In number and psyche we are wired to presume that leaders and authority come from the minds and mouths of white men. At the tables and in the rooms where policies, decisions and laws are being made and revised, women and minorities need to dwarf the the number of white men.
To white men who feel like we have not been responsible for the prejudice in our country we need to wake up to the reality that our dominant inability to perceive prejudice and advocate for what we cannot see perpetuates the problems. Ideally, we need exit the rooms of power and influence until we are asked our opinions again.
White men have had over 200 years of dominating the United States in all of its leadership positions – in business, at home and in government. It is time to be allies and accomplices to decades of improvements and revisions in the hands of our capable sisters and brothers. We can be productive and present in generally supportive roles.
We have nothing to fear if we have truly done our best these first 200 years. If we have looked out for everyone else, if we have truly opened doors for everyone then we can trust that, in time, the playing field will become truly level for every American and perhaps every human being.
This vision indeed sounds naive if one understand that America has succeeded based on a capitalistic economy which recognizes every individuals selfishness. Humanity has, however, at all times depended on the loyalty of our sisters and brothers. In our beginning it was said that “We must, indeed, all hang together or, most assuredly, we shall all hang separately” (Benjamin Franklin).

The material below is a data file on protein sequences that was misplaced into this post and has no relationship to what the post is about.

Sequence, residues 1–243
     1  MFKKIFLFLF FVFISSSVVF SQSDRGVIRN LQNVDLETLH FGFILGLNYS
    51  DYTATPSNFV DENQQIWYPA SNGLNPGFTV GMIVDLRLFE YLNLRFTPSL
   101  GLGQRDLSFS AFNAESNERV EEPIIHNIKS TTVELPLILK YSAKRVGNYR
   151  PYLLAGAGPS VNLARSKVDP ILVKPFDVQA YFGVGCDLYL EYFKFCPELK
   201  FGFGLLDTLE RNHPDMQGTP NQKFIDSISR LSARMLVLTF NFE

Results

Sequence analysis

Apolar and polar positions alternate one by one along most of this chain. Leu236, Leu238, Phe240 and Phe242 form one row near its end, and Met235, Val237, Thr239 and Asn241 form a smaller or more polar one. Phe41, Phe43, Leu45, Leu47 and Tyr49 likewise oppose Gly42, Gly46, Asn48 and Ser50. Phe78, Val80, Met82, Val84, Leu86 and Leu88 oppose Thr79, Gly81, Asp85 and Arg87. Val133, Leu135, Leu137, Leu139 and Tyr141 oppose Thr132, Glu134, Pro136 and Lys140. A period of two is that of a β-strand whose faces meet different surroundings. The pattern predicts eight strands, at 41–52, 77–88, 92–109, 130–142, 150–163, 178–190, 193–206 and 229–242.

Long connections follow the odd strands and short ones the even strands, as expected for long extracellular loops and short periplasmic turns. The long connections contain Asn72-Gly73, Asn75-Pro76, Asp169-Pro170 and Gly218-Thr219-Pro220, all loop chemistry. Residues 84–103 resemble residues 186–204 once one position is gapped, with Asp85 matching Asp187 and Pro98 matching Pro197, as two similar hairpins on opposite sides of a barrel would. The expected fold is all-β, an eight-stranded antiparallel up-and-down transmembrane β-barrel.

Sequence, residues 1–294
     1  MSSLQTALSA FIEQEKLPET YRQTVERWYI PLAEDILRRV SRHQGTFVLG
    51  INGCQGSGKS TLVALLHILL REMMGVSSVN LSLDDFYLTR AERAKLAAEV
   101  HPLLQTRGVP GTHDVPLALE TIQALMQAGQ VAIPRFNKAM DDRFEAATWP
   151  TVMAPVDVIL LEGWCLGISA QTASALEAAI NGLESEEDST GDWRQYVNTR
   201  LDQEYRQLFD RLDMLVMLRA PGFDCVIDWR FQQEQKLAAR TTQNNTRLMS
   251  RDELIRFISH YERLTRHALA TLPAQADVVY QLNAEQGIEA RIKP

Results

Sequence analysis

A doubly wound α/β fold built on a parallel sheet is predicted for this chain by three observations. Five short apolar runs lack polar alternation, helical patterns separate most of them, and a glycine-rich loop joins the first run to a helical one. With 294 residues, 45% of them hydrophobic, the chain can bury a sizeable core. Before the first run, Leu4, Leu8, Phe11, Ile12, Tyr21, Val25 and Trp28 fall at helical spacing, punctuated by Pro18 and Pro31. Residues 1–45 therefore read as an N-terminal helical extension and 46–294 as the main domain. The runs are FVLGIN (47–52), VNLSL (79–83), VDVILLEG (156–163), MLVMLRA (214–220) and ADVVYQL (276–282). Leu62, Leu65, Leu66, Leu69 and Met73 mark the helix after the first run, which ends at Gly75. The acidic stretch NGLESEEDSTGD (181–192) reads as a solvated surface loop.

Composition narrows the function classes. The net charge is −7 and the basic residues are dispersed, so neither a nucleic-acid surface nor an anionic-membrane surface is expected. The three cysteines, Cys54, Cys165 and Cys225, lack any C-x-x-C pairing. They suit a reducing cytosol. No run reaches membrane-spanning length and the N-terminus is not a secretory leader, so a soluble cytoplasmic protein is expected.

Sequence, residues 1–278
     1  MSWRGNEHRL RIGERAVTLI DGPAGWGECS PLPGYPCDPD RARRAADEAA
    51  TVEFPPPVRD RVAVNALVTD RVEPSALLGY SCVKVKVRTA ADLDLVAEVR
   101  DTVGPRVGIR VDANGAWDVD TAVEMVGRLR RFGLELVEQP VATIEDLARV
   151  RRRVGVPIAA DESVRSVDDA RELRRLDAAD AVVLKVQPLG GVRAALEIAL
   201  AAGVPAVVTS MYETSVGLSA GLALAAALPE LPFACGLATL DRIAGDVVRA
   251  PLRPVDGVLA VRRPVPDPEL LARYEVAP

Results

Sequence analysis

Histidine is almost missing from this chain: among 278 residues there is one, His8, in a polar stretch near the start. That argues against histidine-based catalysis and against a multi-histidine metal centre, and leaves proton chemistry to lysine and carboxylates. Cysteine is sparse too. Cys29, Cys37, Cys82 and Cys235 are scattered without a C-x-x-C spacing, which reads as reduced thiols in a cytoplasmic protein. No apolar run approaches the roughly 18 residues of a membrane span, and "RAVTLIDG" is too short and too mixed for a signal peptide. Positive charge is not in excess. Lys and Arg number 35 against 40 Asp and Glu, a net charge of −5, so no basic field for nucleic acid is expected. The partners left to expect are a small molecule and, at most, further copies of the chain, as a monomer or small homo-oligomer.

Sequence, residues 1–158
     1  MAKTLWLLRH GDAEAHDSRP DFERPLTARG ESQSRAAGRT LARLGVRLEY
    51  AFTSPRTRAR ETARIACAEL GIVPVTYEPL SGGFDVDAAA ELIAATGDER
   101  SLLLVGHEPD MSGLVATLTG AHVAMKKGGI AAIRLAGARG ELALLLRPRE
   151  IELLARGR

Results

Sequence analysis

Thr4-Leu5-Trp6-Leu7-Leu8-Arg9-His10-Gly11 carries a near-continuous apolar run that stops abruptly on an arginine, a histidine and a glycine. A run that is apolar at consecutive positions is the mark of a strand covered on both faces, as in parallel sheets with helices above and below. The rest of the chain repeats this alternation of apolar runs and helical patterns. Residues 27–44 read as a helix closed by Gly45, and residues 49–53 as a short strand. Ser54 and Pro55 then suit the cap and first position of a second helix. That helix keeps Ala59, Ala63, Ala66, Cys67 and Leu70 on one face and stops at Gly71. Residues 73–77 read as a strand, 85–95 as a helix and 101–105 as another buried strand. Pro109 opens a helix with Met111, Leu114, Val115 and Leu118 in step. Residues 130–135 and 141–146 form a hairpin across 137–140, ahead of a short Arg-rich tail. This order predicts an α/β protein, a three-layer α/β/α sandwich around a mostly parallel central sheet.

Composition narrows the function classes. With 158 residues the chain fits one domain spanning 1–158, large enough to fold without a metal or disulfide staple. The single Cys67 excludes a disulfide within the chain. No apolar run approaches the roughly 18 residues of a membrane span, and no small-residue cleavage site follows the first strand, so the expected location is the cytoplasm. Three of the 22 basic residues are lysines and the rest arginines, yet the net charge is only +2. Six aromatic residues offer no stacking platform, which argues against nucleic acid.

Like Gandhi and King clung to nonviolence, so must we. With grace, poise and courage we must take one courageous step at a time. What is today’s step that we must take? What is the challenge of our time, right now?
Our first step today, July 31st, 2016, is this: Take a deep breathe and hear the deep frustrations and anger of every sister and brother from ocean to ocean, island to island, south to north. Do not react. Feel and understand.
It may help to listen to The Coffeepot Fellowship Podcast. It may help to join or reach out to United Faith Leaders. It will definitely help to read Between the World and Me by Ta-Nehisi Coates and The New Jim Crow by Michelle Alexander. I think both books are available as audiobooks too.
As I have spoken here, women and minorities, please forgive me for any ways I have misspoken or erred. White men, let us please take a deep breath and grow. Our next role is not like any of the ones we have had before. We are to be calm listeners and supportive accomplices to everyone who is not like us.
Thank you and God bless everyone everywhere.